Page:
There were, according to sources, several problems with the first year license plates. This led the state government to start, in 1914, issuing license plates made of embossed steel with painted numbers. These plates were issued each year, with different colors for each year. All plates issued between 1914 and 1927 had the legend “IND” and the year on the right edge of the steel. Cars were issued with up to a six digit number, with the size varying depending on the registration number. Issues from the years 1928 to 1930 had the “INDIANA – year” legend below the registration number. Between 1931 and 1942, the legend was alternated between above and below the registration number, with odd numbered years being above.
From the very beginning, Indiana required both a front and rear plate on vehicles. As such, these plates were issued in pairs. This changed in 1943. With metal shortages during World War II in full swing, the governor asked for Hoosiers to turn in any old license plates and the front 1942. A smaller black “tag” type plate was issued for 1943. This was attached above the 1942 on the rear of the vehicle. The format of these were “NNN NNN IND 43.” 1944 also had a smaller issued plate, in an effort to save metal.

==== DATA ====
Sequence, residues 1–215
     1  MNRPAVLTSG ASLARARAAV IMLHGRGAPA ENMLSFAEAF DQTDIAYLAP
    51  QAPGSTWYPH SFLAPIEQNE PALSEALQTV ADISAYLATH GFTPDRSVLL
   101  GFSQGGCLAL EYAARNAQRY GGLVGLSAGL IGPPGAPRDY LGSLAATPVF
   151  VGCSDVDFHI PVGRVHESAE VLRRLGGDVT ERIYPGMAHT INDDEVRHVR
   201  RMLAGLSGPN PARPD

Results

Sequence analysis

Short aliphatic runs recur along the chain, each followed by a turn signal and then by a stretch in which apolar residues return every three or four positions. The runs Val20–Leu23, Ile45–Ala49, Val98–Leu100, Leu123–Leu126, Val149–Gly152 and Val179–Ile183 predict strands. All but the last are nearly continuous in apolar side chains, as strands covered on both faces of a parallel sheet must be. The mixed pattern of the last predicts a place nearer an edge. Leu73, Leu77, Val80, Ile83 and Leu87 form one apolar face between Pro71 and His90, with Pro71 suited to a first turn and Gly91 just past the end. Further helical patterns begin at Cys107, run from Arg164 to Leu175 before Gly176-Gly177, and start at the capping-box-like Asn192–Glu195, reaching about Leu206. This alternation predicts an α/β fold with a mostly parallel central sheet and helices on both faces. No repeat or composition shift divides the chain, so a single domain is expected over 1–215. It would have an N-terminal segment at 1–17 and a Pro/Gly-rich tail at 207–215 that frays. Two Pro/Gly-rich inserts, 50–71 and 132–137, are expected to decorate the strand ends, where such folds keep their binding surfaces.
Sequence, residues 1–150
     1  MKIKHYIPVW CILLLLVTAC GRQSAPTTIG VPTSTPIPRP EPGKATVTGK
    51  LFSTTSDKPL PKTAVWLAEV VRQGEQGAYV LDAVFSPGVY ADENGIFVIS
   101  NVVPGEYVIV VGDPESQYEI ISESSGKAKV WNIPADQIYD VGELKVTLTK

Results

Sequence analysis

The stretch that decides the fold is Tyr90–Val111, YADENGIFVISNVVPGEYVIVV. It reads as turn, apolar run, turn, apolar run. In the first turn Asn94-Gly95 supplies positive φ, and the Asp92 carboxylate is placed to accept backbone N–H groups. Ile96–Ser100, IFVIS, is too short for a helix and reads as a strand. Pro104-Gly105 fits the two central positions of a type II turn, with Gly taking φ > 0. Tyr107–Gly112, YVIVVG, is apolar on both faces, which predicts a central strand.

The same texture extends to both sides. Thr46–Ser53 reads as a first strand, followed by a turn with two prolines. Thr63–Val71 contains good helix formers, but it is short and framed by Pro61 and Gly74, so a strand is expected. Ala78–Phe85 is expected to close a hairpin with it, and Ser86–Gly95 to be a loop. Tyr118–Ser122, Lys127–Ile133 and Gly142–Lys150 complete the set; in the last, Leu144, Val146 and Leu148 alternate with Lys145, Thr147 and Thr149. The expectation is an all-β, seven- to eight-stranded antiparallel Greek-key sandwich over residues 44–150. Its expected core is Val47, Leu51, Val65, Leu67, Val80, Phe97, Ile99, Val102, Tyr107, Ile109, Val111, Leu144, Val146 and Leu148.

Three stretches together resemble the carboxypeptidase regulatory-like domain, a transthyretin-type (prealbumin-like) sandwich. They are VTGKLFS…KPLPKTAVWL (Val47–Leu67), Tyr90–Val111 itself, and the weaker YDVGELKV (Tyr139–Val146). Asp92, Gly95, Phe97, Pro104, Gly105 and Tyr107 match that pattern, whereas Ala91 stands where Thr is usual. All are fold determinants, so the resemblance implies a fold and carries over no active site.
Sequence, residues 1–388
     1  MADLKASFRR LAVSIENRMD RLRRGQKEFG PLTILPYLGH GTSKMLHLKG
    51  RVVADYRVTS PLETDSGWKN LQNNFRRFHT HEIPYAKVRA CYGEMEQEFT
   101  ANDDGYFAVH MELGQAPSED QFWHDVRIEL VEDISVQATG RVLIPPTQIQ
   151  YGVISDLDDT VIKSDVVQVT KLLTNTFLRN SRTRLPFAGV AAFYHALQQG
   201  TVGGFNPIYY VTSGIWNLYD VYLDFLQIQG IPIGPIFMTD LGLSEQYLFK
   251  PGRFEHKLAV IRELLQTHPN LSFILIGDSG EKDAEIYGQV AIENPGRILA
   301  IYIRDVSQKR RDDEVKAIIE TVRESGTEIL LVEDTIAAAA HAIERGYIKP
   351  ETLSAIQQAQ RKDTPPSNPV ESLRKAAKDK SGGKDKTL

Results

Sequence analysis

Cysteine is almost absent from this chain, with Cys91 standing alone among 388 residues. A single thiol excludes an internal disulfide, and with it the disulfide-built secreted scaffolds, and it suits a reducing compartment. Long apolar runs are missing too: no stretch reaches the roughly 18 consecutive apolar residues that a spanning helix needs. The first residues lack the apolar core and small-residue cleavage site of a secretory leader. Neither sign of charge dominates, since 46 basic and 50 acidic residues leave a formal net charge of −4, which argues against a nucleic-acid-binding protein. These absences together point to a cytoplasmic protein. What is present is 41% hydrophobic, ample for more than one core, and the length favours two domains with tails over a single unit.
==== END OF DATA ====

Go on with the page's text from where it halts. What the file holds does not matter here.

In 1945, Indiana began to issue full sized license plates again. Between 1945 and 1951, the legend alternated from top to bottom. In odd number years, the state name appeared above the number, with the two digit year below it. Even numbered years had the opposite locations. Just like the pre-1943 years, the colors changed every year. The only change to this point would occur in 1950. Before 1950, registration numbers were just that, numbers. Starting in 1950, license plates in Indiana started being issued by county, with two letters and up to four numbers. The two letters showed the county of issue. Unlike the later system (described later), the letters were in order of the county’s population, not the county name. For instance, AA-AU were for Marion County, BB-BH were issued in St. Joseph County, and so on.